Is this, perhaps, the origin of the amazing character Delores Umbridge, in the Harry Potter series? Or is the sadistic girlie-girl just a cultural archetype that emerges independently from time to time?
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Re: To Kill a Mockingbird: Chapters 1 - 6

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DWill wrote:
Robert Tulip wrote: The chapter ends with Jem completing a short career as a stylite.
Not the first time you've sent me to the Google dictionary! Same root as stylus, maybe?
A stylite is a hermit who sits on a pillar, a moderately well known pastime in the ancient world.
https://en.wikipedia.org/wiki/Stylite

A stylus is something I mainly associate with vinyl records. Apparently the connection with pillars is a mistake. https://en.wikipedia.org/wiki/Stylus#Etymology
Atticus kept us in fits that evening, gravely reading columns of print about a man
who sat on a flagpole for no discernible reason, which was reason enough for Jem
to spend the following Saturday aloft in the treehouse. Jem sat from after
breakfast until sunset and would have remained overnight had not Atticus severed
his supply lines. I had spent most of the day climbing up and down, running
errands for him, providing him with literature, nourishment and water, and was
carrying him blankets for the night when Atticus said if I paid no attention to him,
Jem would come down. Atticus was right.
Interesting how having such a parent exposes the children to ideas that would never have occurred to them.
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Re: To Kill a Mockingbird: Chapters 1 - 6

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Chapter Four
A remarkable aside from Scout's complaints about the boredom of school is her incidental remark that "my father had served for years in the state legislature, elected each time
without opposition, innocent of the adjustments my teachers thought essential to
the development of Good Citizenship". Was Atticus really a lawmaker as well as a lawyer?

The weird finding of Wrigley’s Double Mint chewing gum in the Radley tree on the way home from school expands in mystery as the second wrapper contains old pennies with Indian heads dating from 1900. These naturally have their own Wikipedia page https://en.wikipedia.org/wiki/Indian_Head_cent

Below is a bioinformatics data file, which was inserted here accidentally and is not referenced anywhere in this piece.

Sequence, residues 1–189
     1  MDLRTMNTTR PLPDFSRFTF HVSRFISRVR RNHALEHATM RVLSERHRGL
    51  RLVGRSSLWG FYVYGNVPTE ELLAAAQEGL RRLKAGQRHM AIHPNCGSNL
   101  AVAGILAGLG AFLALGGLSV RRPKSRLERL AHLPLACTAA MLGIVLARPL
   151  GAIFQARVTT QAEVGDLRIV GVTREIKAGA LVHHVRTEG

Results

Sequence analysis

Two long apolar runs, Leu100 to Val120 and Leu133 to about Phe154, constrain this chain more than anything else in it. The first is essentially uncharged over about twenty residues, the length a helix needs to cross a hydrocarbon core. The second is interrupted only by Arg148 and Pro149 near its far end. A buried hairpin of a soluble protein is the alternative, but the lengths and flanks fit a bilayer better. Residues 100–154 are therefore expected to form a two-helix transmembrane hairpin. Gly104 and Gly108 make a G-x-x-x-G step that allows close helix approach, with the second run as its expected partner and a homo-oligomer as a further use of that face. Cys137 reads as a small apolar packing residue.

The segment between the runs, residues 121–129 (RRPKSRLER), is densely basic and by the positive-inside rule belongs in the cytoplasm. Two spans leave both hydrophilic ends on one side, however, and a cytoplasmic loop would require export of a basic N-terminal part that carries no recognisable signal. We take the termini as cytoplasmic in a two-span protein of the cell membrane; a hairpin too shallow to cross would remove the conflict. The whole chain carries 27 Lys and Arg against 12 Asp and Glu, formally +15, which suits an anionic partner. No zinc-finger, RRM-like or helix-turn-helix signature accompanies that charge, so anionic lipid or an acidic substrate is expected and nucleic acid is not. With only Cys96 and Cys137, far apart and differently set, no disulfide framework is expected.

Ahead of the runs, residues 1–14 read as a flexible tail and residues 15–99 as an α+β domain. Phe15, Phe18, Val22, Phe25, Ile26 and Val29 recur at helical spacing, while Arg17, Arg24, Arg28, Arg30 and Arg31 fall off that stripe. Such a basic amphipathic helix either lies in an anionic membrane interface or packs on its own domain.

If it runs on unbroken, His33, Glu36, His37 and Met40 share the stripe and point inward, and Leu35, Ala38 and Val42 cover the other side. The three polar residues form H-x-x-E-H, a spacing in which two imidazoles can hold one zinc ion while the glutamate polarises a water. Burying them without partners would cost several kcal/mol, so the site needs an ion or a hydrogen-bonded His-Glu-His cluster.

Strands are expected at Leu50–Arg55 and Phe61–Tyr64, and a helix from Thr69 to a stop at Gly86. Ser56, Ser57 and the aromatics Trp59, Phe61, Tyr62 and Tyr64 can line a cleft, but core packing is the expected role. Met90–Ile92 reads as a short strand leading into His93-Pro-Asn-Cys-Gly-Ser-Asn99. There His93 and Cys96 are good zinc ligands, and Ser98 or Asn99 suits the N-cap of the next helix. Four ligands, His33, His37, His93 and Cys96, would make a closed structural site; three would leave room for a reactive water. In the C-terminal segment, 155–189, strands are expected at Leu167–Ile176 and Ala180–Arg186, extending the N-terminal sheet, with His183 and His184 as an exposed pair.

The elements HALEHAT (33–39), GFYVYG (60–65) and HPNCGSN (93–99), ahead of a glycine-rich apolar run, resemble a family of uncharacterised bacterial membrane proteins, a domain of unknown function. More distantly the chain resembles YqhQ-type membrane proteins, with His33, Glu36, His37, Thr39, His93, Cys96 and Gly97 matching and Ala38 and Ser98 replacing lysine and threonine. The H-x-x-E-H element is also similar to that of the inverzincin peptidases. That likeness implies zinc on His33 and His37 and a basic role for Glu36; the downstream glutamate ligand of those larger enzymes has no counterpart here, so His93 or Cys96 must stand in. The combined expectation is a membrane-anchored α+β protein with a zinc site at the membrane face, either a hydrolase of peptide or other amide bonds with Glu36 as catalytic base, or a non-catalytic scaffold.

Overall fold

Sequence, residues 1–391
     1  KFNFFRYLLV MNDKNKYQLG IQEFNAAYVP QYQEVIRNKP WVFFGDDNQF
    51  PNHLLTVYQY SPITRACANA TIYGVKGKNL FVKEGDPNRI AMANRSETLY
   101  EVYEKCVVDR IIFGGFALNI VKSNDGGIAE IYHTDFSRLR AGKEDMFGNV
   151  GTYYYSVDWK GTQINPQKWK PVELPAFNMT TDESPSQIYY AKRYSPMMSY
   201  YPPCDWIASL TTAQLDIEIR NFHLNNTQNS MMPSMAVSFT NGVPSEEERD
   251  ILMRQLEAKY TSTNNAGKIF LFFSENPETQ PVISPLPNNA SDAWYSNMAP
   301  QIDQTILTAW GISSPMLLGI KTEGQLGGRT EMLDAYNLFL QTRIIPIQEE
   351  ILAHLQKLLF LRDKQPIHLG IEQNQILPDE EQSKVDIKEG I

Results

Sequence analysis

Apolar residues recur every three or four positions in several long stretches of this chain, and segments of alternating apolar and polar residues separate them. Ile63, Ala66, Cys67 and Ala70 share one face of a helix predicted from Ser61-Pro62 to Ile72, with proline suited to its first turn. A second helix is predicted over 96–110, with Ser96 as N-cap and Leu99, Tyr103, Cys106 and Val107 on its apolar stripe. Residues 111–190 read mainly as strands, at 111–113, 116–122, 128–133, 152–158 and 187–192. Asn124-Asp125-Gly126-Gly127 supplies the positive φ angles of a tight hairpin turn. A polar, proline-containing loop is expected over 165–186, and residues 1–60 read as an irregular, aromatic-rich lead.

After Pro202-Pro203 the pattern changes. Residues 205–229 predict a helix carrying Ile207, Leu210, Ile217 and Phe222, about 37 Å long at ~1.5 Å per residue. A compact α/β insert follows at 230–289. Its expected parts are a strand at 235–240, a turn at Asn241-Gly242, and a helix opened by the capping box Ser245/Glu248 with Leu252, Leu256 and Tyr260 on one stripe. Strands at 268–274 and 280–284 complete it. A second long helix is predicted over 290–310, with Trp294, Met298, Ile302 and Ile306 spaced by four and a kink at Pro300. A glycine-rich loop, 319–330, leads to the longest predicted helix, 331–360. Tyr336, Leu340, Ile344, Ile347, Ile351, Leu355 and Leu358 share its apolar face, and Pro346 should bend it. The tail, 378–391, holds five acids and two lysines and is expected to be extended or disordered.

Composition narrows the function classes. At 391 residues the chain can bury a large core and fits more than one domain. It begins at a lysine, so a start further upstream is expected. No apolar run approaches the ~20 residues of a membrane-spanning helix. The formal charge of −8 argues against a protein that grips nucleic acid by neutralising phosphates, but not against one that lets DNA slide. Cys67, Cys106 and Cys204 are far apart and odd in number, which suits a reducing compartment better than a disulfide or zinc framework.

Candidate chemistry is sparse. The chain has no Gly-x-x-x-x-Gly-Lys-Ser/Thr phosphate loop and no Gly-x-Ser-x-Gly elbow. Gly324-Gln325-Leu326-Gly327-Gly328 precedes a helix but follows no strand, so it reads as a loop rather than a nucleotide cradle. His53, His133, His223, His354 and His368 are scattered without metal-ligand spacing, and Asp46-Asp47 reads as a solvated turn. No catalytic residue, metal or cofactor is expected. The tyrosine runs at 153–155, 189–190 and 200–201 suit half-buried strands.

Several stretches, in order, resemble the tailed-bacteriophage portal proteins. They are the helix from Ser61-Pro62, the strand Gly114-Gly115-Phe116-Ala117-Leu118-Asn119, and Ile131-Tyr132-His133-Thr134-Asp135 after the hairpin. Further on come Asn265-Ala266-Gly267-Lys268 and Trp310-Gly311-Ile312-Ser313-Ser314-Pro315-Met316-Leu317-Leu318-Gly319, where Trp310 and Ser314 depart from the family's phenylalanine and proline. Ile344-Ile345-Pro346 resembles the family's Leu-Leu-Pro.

Surprisingly, the wiki entry fails to mention Jem’s assertion that these coins are “real strong magic, they make you have good luck. Not like fried chicken when you’re not lookin‘ for it, but things like long life ’n‘ good health, ’n‘ passin’ six-weeks tests…”

Summer holidays are celebrated with the arrival of Dill from Mississippi. An earlier chapter had explained that their friend Dill was “a pocket Merlin, whose head teemed with eccentric plans, strange longings, and quaint fancies.”

The imagination of inventing plays is an astounding thing for these rural kids, followed by smelling death and rolling in a tire. This is the sort of insane story for children who think they will live forever and have not yet experienced the caution bred by physical injury: “by pushing the tire down the sidewalk with all the force in his body. Ground, sky and houses melted into a mad palette, my ears throbbed, I was suffocating. I could not put out my hands to stop, they were wedged between my chest and knees. I could only hope that Jem would outrun the tire and me, or that I would be stopped by a bump in the sidewalk. I heard him behind me, chasing and shouting. The tire bumped on gravel, skeetered across the road, crashed into a barrier and popped me like a cork onto pavement. Dizzy and nauseated, I lay on the cement and shook my head still, pounded my ears to silence, and heard Jem’s voice: “Scout, get away from there, come on!”

The imaginative fun pauses for mid morning lemonade, then culminates with the game of Boo Radley, who for all they know is stuffed up a chimney: “As the summer progressed, so did our game. We polished and perfected it, added dialogue and plot until we had manufactured a small play upon which we rang changes every day.” The game must be kept secret, which becomes a problem when Atticus takes an interest.
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Re: To Kill a Mockingbird: Chapters 1 - 6